February 10, 2017 – Barring a last-minute change of plans, Beam Suntory will close its brand home for Canadian Club in Windsor, Ontario to tours at the end of March. The Canadian Club Heritage Centre occupies the historic building used originally as the headquarters for Hiram Walker, who opened his distillery in what is locally referred to as “Walkerville” in 1858. The visitors center attracts around 15,000 guests annually, according to the Windsor Star, which first reported the company’s plans.
“Certainly, it was a complete shock to me and I was terribly disappointed,” Windsor Mayor Drew Dilkens said in a telephone interview, noting that he had only been notified of the decision shortly before Beam Suntory announced it Wednesday. “The history in that brand centre, the history of Hiram Walker and Canadian Club in our community, it runs so deep – it’s the foundation by which so much of this community was built upon,” he said. Dilkens will meet Monday with Beam Suntory CEO Matt Shattock and other executives to make the case for keeping the center open. “I just want to sit down and have a conversation and figure out what is the path forward – how can we work on this together,” he said.
Listen to Mark Gillespie’s interview with Mayor Drew Dilkens:
Beam Suntory declined to make executives available for interviews, but in a statement provided to WhiskyCast, confirmed that tours will end at the Heritage Centre on March 31 while contracts for previously booked weddings will be honored through the end of the year. The Heritage Centre is a popular site for weddings, corporate meetings, receptions, and other special events in addition to serving as a display for the brand’s extensive archive of historical records and artifacts. A Beam Suntory spokeswoman told WhiskyCast in an email the company will retain ownership of that material with plans to use it “to help promote the brand’s rich history and heritage, and to support the Windsor community.”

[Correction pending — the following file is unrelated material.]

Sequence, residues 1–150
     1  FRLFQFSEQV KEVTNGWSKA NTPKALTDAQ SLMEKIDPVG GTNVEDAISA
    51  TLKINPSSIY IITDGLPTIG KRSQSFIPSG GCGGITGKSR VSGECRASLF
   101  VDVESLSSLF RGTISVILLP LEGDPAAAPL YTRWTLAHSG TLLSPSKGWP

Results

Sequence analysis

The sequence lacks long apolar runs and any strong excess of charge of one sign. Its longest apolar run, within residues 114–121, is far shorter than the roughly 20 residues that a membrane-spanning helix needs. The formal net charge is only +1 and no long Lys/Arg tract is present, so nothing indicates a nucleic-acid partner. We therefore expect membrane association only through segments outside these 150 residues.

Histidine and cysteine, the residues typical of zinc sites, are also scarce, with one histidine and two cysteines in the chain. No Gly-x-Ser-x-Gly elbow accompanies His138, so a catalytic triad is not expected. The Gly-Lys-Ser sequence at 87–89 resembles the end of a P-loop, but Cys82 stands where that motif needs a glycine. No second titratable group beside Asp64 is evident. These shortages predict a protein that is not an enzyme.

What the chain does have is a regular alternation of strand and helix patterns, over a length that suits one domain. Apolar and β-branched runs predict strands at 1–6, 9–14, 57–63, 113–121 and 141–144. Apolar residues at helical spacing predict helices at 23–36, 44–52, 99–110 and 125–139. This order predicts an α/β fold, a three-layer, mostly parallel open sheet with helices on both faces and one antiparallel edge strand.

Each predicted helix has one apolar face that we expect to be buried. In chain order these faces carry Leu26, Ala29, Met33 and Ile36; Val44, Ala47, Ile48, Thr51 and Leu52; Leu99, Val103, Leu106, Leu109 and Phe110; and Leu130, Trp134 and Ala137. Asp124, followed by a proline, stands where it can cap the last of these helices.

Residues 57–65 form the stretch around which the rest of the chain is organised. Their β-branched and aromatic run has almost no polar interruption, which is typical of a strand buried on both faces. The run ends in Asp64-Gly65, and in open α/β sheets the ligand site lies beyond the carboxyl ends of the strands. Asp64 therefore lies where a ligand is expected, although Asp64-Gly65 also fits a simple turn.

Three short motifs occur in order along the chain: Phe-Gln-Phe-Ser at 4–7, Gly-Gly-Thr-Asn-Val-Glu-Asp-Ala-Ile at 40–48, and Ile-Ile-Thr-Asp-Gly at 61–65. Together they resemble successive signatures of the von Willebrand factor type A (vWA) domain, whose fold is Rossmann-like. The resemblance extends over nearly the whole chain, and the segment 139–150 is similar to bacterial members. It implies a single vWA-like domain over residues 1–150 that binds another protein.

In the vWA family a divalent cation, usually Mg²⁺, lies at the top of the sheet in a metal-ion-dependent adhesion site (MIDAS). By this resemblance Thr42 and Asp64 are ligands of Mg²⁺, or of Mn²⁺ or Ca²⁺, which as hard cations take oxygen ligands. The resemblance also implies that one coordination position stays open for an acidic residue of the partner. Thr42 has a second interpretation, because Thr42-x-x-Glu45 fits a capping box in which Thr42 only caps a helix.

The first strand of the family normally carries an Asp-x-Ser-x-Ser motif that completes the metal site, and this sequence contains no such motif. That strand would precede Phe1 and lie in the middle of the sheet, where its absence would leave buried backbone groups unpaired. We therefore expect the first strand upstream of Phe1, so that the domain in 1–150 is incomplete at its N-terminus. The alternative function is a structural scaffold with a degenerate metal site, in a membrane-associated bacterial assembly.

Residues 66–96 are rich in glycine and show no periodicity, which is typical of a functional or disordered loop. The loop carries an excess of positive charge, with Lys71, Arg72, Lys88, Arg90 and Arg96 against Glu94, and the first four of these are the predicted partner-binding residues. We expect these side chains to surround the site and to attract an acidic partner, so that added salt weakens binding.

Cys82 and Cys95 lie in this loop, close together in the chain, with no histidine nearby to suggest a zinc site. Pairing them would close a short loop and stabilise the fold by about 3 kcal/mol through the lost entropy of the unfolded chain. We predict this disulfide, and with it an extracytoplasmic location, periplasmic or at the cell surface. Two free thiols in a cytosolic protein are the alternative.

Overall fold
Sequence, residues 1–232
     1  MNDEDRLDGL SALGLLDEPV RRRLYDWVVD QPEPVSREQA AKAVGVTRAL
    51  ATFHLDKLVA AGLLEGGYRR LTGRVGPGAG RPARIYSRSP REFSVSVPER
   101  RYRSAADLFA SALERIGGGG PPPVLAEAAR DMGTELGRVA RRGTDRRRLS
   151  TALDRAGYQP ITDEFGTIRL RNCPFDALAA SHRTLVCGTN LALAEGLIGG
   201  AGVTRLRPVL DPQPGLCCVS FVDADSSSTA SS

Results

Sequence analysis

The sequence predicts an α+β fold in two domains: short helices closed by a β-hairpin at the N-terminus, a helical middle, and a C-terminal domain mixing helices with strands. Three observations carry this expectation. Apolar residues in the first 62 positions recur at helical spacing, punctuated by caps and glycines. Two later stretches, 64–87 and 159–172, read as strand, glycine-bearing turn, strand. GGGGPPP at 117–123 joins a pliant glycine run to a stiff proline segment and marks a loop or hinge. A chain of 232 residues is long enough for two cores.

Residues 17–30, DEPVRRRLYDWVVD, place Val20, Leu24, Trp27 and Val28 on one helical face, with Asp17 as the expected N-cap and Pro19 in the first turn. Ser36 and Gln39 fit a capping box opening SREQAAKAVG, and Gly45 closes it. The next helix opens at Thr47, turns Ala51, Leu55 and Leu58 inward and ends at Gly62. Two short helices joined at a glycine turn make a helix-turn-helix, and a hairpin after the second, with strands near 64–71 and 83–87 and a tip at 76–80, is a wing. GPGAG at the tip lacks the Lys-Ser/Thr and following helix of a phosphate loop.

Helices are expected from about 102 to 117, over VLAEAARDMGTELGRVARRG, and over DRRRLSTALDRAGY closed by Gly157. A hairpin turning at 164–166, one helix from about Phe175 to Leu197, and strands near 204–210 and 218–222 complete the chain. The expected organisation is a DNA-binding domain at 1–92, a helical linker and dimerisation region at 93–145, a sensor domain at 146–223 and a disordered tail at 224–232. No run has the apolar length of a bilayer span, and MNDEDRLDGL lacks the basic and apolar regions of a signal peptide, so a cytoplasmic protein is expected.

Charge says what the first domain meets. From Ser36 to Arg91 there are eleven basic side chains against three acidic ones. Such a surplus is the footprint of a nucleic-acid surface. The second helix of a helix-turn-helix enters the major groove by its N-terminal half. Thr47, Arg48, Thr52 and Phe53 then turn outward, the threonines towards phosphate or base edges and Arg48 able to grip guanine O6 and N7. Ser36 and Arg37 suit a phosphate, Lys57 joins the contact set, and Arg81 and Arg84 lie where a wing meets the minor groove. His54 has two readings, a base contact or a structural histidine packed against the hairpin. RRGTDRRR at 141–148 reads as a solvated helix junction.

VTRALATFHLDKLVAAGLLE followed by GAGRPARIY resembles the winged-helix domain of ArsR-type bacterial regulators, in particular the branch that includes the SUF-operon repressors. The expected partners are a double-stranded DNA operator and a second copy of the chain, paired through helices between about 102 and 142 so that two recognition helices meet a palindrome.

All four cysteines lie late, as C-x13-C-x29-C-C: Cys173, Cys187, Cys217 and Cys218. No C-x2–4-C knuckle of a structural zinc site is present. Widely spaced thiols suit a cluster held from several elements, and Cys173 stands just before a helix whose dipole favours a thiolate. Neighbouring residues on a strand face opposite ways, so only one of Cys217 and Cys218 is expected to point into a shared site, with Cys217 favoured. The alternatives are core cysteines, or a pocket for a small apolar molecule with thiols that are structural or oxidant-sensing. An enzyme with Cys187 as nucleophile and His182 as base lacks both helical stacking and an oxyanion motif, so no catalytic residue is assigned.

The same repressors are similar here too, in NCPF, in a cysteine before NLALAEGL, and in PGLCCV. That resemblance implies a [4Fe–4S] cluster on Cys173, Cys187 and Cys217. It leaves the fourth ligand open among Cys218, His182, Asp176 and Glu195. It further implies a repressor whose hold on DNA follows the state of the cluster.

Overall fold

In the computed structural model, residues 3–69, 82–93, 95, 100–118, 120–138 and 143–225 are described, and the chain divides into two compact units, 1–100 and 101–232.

One full-time employee and five part-time employees will lose their jobs when the center closes, while longtime Heritage Center manager Tish Harcus will stay on as the curator for the historical archives and Beam Suntory’s Canadian Whisky Brand Ambassador.
The Heritage Centre opened after Beam Suntory’s predecessor, Fortune Brands, acquired the Canadian Club brand in 2005 as part of the breakup of Allied Domecq, and has a complex back story. In the breakup, the distillery went to Pernod Ricard’s Canadian affiliate, Corby Spirit & Wine, along with J.P. Wiser’s and the other brands distilled there. At the time, Fortune Brands signed a 99-year lease for the building that houses the Heritage Centre and a ten-year production contract for whisky from the distillery. While it has never been publicly announced, that contract was apparently extended for an undisclosed length of time, since Beam Suntory’s statement indicates that Canadian Club will continue to be produced in Windsor. Because of the different ownership structure, tours at the Canadian Club Heritage Centre have never been able to include the distillery complex itself, and are limited to the headquarters building.
The building’s future is not clear at this time. According to Mayor Dilkens, the 1894 Renaissance-style building is designated as a heritage property and cannot be torn down or substantially modified without City Council approval. Beam Suntory’s spokeswoman confirmed Friday night that the company intends to terminate its lease at the end of the year and return the building to Corby. Corby has been raising the profile of the J.P. Wiser’s brand in recent years, and recently opened a brand center at the distillery to use for training purposes with the idea of opening it to the public in the future. WhiskyCast has contacted Corby executives to inquire about future plans for the building, and this story will be updated with more details as available.
Editor’s note: This story was updated with additional information on Beam Suntory’s plans to terminate its lease at the end of 2017.